Sources of injuries in physical education classes in Nairobi secondary schools: implications for legal liability
Wahome, Peninah Wangare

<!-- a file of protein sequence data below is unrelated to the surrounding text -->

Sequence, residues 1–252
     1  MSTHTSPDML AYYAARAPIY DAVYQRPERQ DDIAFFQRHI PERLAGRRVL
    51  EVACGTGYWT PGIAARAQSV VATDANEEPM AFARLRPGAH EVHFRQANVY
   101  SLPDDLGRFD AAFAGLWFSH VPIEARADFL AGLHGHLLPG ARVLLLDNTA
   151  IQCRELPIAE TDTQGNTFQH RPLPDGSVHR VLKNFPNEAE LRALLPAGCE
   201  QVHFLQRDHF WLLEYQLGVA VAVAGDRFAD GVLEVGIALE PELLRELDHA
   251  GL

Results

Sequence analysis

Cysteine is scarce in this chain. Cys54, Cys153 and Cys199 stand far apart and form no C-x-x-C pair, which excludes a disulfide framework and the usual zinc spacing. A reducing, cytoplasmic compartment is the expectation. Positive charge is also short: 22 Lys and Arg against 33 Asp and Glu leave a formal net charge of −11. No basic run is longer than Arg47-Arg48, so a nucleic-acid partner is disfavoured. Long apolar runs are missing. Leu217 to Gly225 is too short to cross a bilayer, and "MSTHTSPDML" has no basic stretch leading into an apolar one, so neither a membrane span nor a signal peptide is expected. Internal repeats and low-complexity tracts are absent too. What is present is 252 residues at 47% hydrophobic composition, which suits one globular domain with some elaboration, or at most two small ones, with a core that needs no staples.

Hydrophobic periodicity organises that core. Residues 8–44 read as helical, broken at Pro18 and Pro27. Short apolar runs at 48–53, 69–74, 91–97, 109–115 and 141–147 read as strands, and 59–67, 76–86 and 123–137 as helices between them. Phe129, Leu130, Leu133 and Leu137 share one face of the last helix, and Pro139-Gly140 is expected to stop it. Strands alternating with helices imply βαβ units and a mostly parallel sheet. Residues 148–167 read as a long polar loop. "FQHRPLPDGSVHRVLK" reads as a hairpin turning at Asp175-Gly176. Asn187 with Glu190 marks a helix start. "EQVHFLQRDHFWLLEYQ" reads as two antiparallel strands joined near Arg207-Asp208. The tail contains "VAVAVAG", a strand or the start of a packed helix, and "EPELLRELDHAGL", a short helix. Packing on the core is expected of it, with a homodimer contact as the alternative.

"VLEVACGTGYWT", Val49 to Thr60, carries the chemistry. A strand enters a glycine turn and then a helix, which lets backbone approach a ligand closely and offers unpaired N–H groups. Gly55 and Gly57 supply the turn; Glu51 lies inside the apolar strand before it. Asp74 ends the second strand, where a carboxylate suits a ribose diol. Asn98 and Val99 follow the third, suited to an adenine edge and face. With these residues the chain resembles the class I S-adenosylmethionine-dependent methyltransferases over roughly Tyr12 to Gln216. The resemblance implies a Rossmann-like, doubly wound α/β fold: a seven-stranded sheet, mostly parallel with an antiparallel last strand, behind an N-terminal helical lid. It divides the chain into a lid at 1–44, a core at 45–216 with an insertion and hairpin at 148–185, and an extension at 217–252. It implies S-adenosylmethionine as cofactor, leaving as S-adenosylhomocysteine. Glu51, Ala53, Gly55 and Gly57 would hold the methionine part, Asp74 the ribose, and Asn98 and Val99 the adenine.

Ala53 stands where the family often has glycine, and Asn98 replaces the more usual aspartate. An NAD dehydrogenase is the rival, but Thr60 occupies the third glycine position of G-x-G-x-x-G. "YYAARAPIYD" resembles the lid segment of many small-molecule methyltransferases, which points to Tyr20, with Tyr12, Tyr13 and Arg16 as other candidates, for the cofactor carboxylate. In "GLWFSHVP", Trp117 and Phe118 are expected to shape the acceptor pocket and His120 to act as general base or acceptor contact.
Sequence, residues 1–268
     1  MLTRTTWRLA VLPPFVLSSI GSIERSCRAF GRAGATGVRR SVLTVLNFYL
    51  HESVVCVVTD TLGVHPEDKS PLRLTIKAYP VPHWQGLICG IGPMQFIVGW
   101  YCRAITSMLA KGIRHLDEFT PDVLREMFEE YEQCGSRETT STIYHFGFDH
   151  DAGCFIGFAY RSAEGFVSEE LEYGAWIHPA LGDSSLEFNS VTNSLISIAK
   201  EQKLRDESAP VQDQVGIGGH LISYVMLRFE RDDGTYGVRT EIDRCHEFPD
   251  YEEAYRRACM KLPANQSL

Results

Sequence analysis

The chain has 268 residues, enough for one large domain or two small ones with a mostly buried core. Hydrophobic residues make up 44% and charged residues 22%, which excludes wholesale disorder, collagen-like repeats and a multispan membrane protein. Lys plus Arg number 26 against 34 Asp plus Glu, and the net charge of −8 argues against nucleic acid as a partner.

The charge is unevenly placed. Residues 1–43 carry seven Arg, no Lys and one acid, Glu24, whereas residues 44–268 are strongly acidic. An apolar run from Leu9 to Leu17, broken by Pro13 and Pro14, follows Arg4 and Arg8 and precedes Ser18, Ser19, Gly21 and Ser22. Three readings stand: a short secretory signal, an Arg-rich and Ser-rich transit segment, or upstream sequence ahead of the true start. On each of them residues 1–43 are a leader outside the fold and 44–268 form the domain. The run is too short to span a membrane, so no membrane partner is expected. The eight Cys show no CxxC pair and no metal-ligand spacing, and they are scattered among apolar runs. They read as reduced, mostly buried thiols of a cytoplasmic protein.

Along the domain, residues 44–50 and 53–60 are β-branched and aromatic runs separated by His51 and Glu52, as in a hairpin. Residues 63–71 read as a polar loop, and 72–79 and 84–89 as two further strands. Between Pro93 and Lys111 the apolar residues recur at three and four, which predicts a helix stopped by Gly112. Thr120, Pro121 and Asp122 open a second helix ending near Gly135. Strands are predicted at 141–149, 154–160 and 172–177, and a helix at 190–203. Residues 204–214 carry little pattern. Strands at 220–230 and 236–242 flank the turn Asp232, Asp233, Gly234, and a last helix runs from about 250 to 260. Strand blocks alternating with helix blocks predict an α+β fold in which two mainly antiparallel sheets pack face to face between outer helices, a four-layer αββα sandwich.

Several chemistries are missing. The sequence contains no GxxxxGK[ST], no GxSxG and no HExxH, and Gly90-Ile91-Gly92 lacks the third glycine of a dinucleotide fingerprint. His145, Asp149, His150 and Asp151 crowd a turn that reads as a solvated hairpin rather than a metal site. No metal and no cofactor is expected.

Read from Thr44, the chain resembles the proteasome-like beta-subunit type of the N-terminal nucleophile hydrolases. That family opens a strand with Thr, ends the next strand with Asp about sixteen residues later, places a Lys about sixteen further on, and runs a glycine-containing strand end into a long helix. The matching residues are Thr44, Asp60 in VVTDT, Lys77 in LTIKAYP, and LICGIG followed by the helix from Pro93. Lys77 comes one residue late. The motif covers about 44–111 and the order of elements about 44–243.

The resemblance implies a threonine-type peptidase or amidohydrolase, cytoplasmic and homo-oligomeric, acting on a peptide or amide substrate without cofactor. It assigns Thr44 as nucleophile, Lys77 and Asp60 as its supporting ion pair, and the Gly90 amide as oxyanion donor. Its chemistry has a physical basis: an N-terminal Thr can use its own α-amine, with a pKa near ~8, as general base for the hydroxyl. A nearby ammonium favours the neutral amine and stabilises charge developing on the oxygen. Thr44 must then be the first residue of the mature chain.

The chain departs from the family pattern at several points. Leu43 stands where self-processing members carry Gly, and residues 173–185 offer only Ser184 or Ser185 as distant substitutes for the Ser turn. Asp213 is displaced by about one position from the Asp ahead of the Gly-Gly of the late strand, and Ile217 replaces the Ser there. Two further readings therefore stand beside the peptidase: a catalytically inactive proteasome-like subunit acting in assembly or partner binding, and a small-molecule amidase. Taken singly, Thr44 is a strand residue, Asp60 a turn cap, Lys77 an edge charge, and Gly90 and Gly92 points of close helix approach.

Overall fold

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This study sought to determine sources of injuries during the teaching of Physical Education in selected secondary schools in Nairobi Province. A triangulation design was used in this study with a sample of 309 respondents. Of these 283 were students and 26 were teachers. In addition, an observation check-list was employed to augment the information obtained from the questionnaire. The data collected was analysed using Factor Analysis in order to test for multidimensionality of factors that cause injuries. The result show that there are three major dimensions of teaching/learning process that influence the occurrence of injuries. These are Instruction (eigenvalue of 6.44) which accounted for 22.2% of total variance, Supervision (eigenvalue of 5.37) accounting for 18.6% of the total variance and Facilities (eigenvalue of 4.14) and accounted for 14.1% of the total variance. Factors extracted for this study from the principal component analysis are those with a eigenvalue of 0.998 or more. The results also showed that these three factors are interrelated which was evident from the loading of variables on more than one factor. The following recommendations were made from these findings; one, that a professional course on legal and ethical issues be introduced in teacher training syllabi, two, that the duties of teachers and school administrators be spelt out in the Education Act regarding their duty of care to their students and lastly, that parents and pupils be sensitized about their legal rights in case of injuries in the conduct of Physical Education Programmes.